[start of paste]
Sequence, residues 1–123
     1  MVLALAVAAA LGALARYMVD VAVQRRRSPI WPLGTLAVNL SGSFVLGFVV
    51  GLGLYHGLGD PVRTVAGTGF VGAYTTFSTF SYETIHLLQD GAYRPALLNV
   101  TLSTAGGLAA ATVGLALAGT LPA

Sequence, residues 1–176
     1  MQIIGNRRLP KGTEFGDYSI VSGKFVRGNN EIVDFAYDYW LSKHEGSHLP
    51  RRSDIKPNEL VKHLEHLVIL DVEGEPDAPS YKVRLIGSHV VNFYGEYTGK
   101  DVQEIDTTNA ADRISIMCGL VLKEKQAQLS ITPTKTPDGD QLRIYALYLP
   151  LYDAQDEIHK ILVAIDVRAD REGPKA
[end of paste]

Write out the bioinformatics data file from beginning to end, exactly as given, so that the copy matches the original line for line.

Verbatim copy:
Sequence, residues 1–123
     1  MVLALAVAAA LGALARYMVD VAVQRRRSPI WPLGTLAVNL SGSFVLGFVV
    51  GLGLYHGLGD PVRTVAGTGF VGAYTTFSTF SYETIHLLQD GAYRPALLNV
   101  TLSTAGGLAA ATVGLALAGT LPA

Sequence, residues 1–176
     1  MQIIGNRRLP KGTEFGDYSI VSGKFVRGNN EIVDFAYDYW LSKHEGSHLP
    51  RRSDIKPNEL VKHLEHLVIL DVEGEPDAPS YKVRLIGSHV VNFYGEYTGK
   101  DVQEIDTTNA ADRISIMCGL VLKEKQAQLS ITPTKTPDGD QLRIYALYLP
   151  LYDAQDEIHK ILVAIDVRAD REGPKA